Last week I looked at the writer/reader contract in a general way. Today’s riff breaks it down a bit more. What do people expect when they come to books? Does the new or occasional reader look for different things than the experienced reader?
Resolution. I think that one of the most powerful drives to storytelling is the human craving for resolution. The most enduring novels generally offer resolutions big and small—they can be simple, they can be complicated, they can be incredibly tense.
Someone will be quick to point out the fictional works that lean away from resolution, making a virtue of mirroring the muddle of real life. One of the sharpest divides in reader reactions occur over such novels; this narrative path, which I tend to think began with Lawrence’s Tristram Shandy, seems a tour de force to some and a confusing, boring waste of trees to others.
Motivation The new reader seems more ready to accept novels whose characters have single motivations, if they aren’t identified by their motivation. For example, in many of the science fiction stories I grew up with, there was usually a ‘science guy’ who was always to be found in his lab, wearing his white coat as he worked on arcane experiments day and night. He was always ready and willing to stop what he was doing and helpfully lecture the heroes on science factoids, and to invent robots or futuristic machines out of tools in dad’s garage, or the science lab at school, that the heroes then used to execute the action—unless, of course, he was a Mad Scientist. Then he would only issue his lectures after he captured our heroes, before which he worked 24/7 on machines to take over the world, or super-weapons, or giant-brain computers that we would now call AIs. He didn’t have a family, interests, didn’t even seem to have a home, unless bad guys were blowing it up.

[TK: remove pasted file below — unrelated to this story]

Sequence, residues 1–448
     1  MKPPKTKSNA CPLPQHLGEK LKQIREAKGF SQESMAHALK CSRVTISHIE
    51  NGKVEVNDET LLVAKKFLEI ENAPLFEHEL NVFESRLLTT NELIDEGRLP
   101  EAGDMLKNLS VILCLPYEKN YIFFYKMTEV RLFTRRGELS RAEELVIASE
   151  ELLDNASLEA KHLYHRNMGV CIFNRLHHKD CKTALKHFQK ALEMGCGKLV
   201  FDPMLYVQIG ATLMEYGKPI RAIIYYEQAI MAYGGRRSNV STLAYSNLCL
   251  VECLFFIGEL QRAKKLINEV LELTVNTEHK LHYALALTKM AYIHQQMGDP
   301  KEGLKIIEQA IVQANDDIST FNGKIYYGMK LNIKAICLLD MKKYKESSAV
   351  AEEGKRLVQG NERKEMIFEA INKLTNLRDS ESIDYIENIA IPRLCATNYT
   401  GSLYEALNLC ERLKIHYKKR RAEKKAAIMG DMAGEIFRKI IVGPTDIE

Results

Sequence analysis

This single motivation can especially extend to crowds, who all have the same expression, reaction, and action—without being mobs. (Mob psychology being a different, and terrifyingly fascinating subject.) Those crowds are there as set decoration, or to serve as audience to the heroes, and to underscore what the narrative voice wants the reader to think about characters or action.
Way at the other end of the spectrum are novels whose characters have such complex motivations that disentangling them is the real thrust of the book, and not the plot. There is relatively little action because we are buried so deeply inside characters’ heads that we are reading pages of self-examination and extended descriptions of emotional reactions to minutiae.
Meta-representation and levels of intent, or, expectations of accessibility. In the most accessible novel, the narrative voice clues the reader what to think about the characters and sometimes about the story. A character with “piercing eyes” is either a hero or villain, though in real life, what exactly are piercing eyes, since no one’s glance actually stabs us? But piercing eyes are the insta-signal of a character who is going to carry dramatic tension.
There’s probably a whole other riff in the various ways the narrative voice clues the reader in to things the characters don’t know. But right now I’m trying to stick to what brings us to novels . . . and what sends us away. For example, the contract can break when the more experienced reader feels that the narrative voice is telling her what to think about the characters and ideas. But some readers accept without question the judgments of the narrative voice.
Before I leave narrative voice, I want to add the observation that though committing the intentional fallacy is a literary no-no, I think we all occasionally play armchair detective (or psychologist), trying to reach into the mind behind the fiction. On a meta level, the narrative voice is going to reveal more than the author intended; cultural assumptions leap out when one reads very old novels, cultural assumptions being customs or viewpoints that the novel expresses as universally accepted, or reasonable, or even invisible, that are no longer so today.
Levels of intent are tied tightly with motivation, emotion, and reaction, but the levels come in with our recognition of who knows what. In novels considered difficult, or less accessible, part of the pleasure of reading is cognitive adaptation—the reader trying on different states of mind, without having actual responsibility for them.
Another part of the lure of less accessible novels comes in trying to comprehend who knows what. Some writers make the reader work hard to gain clues to motivation, such as Hemingway’s reporting on body language of characters, without letting the reader inside anyone’s thoughts. Virginia Woolf exhibited her mastery at hiding layers of intent in tiny clues in works such as Mrs. Dalloway: who noticed what about whom, leading to surmises about a third person, which influences a fourth, are little mysteries to be solved for the careful reader.